Xiaojun “Tom” Wang grew up in the Chinese province of Shanxi, the world’s largest coal producer. Tom joins Climate Curious to share the devastating impacts of coal mining; air pollution, landslides, acid rain, soil degradation, whilst asking, what really is China’s strategy when it comes to climate? And as the world’s largest producer of renewable technologies, how can Shanxi, and China, break free from its coal addiction? Recorded live at TED Countdown Summit 2023.
Climate success story alert! Fifteen years ago, Uruguay was experiencing an energy crisis; today, the nation produces 98 percent of its electricity from renewable sources. That’s thanks to the work of just energy transition leader, Ramón Méndez Galain and his team, a former particle physicist who charted the country’s transition to renewables as head of the country’s National Energy Agency. Ramón joins us to share how he did it, and how you can, too. This episode was recorded at TED Countdown Summit 2023.
Indigenous communities protect, nourish and heal ancestral forests: 470 million Indigenous Peoples care for and manage 80 percent of the world’s biodiversity, in fact. So why are their rights under attack from companies, miners and illegal loggers? Nonette Royo, a human rights lawyer and executive director at the Tenure Facility, an organisation providing financial and technical assistance to Indigenous Peoples to support their efforts to secure their land rights, joins Climate Curious by TEDxLondon to explain why.
Mini-grids, or localised renewable energy systems, are increasing energy accessibility for people across Africa, says Tombo Banda, clean energy access innovator. And with 500 million people still lacking access to electricity in Sub-Saharan Africa, relying instead on highly polluting materials like diesel and firewood, this climate solution will create better lives for millions of people, quickly! Tombo Banda joins TEDxLondon’s Climate Curious to break down how many countries are successfully leapfrogging to green energy solutions.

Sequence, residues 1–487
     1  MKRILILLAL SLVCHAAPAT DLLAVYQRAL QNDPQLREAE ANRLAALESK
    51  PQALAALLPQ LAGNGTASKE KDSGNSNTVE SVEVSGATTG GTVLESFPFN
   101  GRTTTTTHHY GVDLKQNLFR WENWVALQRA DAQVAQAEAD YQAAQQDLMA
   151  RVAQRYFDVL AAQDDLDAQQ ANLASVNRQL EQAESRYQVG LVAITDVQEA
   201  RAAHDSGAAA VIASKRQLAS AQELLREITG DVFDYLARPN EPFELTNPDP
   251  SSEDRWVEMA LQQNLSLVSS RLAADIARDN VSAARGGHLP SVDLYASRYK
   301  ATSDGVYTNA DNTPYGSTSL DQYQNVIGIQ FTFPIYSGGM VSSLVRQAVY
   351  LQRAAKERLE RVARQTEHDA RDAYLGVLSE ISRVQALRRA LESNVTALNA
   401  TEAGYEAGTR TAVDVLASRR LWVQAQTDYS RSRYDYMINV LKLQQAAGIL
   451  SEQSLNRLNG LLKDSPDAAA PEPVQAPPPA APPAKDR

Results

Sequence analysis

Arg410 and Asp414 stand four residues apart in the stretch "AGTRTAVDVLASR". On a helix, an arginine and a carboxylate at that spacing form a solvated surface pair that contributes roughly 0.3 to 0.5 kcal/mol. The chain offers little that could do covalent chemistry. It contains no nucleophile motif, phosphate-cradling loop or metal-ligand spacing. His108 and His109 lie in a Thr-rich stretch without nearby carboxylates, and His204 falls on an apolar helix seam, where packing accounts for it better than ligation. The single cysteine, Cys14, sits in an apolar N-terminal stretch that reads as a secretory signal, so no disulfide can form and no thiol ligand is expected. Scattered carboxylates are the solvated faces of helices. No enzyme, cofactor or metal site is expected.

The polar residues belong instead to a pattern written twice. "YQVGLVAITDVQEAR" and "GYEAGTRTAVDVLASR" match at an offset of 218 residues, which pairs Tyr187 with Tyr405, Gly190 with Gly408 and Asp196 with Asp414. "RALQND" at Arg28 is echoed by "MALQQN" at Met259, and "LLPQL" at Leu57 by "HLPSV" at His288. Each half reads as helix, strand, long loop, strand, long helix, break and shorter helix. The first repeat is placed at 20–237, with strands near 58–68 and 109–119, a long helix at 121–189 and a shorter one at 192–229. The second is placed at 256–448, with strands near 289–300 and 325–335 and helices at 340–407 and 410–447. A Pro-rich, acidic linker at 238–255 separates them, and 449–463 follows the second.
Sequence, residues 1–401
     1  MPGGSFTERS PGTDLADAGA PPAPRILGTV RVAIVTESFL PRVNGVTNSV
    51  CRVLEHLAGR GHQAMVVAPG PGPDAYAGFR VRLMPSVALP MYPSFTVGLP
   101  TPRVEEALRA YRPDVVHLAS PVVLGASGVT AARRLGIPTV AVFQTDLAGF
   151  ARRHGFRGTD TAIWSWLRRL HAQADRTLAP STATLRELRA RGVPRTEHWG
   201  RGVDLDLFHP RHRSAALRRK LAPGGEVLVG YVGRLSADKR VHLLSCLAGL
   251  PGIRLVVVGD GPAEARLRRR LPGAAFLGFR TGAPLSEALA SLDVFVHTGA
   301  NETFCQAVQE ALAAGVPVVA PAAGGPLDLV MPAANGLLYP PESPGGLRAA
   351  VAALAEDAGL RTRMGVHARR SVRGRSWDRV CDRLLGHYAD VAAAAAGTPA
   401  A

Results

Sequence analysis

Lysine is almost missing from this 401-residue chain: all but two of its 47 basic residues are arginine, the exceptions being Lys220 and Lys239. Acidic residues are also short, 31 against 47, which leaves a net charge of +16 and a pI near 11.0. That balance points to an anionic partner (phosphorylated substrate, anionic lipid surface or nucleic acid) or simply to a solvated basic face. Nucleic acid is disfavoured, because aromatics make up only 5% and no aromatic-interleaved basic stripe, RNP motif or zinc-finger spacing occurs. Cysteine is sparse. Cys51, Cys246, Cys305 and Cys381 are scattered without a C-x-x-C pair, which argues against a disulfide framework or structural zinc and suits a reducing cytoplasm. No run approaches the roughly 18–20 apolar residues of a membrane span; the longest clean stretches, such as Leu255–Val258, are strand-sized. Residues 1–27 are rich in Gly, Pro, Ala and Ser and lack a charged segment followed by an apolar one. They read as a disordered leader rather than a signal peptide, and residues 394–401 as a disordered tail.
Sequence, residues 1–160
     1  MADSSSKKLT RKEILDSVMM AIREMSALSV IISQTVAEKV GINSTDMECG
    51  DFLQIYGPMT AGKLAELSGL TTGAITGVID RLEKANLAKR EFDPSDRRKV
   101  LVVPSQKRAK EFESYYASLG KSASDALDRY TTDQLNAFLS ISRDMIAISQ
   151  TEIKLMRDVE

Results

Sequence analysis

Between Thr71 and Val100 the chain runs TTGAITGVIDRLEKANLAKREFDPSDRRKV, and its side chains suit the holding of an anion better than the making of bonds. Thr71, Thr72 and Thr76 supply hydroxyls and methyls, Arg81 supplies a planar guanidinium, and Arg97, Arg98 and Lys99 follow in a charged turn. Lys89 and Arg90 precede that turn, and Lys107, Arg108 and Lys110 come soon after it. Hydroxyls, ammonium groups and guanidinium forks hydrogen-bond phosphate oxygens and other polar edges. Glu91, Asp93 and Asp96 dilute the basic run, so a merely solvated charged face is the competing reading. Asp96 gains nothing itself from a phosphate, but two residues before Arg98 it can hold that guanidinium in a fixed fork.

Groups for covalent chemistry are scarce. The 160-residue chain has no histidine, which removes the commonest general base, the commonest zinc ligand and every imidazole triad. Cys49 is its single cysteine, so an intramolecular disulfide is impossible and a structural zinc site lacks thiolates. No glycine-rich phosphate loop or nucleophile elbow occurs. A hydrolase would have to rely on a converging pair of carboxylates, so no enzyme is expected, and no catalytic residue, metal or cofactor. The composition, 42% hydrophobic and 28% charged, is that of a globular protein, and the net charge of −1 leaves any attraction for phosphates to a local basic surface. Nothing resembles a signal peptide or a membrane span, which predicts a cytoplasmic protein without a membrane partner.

We need to humanise our climate heroes, says Mauricio Porras, co-founder of HERO | herocircle.app. And we do that by paying them a fair wage. Mauricio joins Climate Curious co-hosts Maryam Pasha and Ben Hurst to chat through why young activists are expected to shoulder so much responsibility, how we are stronger if we work together as a global community, and how the Herocircle.app enables you to support climate activists securing our future for the price of one fancy London coffee (about £6). Heroes, assemble!
With Oppenheimer in the cinemas right now – nuclear s top of mind. But does nuclear energy deserve the bad reputation it seems to have gained? To clear up the confusion we’re joined by this week’s Quickie expert, Mark Dyson, a Managing Director with the Carbon-Free Electricity Program at RMI (formerly Rocky Mountain Institute). Tune in to understand how nuclear stacks up against oil, gas, coal, wind, and solar power as an energy source, and whether it’s part of an affordable, carbon-free energy future.
Coffee or a liveable future? You decide! Climate activists are doing one of the world’s most crucial, and dangerous jobs. So how come they don’t get paid for it? In this week’s Climate Curious, we’re talking to Mauricio Porras, co-founder of HERO | herocircle.app, which is the subscription platform providing a stable monthly income to activists on the frontlines of climate policy campaigning with the support of citizens worldwide. For the price of a grande pumpkin spice frappuccino (which we estimate to be about £6), every month, you can support climate activists around the globe who are working to secure our future.
Cheddar Gorgeous joins Climate Curious to discuss how Pride 2023 shut down big oil. Calling for people to “pump ass, not gas”, the queer community sashayed away from oily cash, and won! Cheddar explains more.
Big Oil wants you to think climate change is a lifestyle issue, says environmental campaigner Tzeporah Berman on Climate Curious. Tune in to learn why oil companies want us to sit home, blame ourselves and focus on plastic straws. Instead, let’s get curious!
This Pride, we’re talking queer ecology – gender shifting fish, intersex birds, and how trees can impregnate themselves – by revisiting our conversation in 2021 with iconic environmental and intersectional drag queen, Pattie Gonia. If you enjoyed this quickie, why not listen to Pattie’s full episode on Climate Curious – Why Mother Nature is a Drag Queen: https://tedxlondon.com/podcast/climate-curious-why-mother-nature-is-a-drag-queen/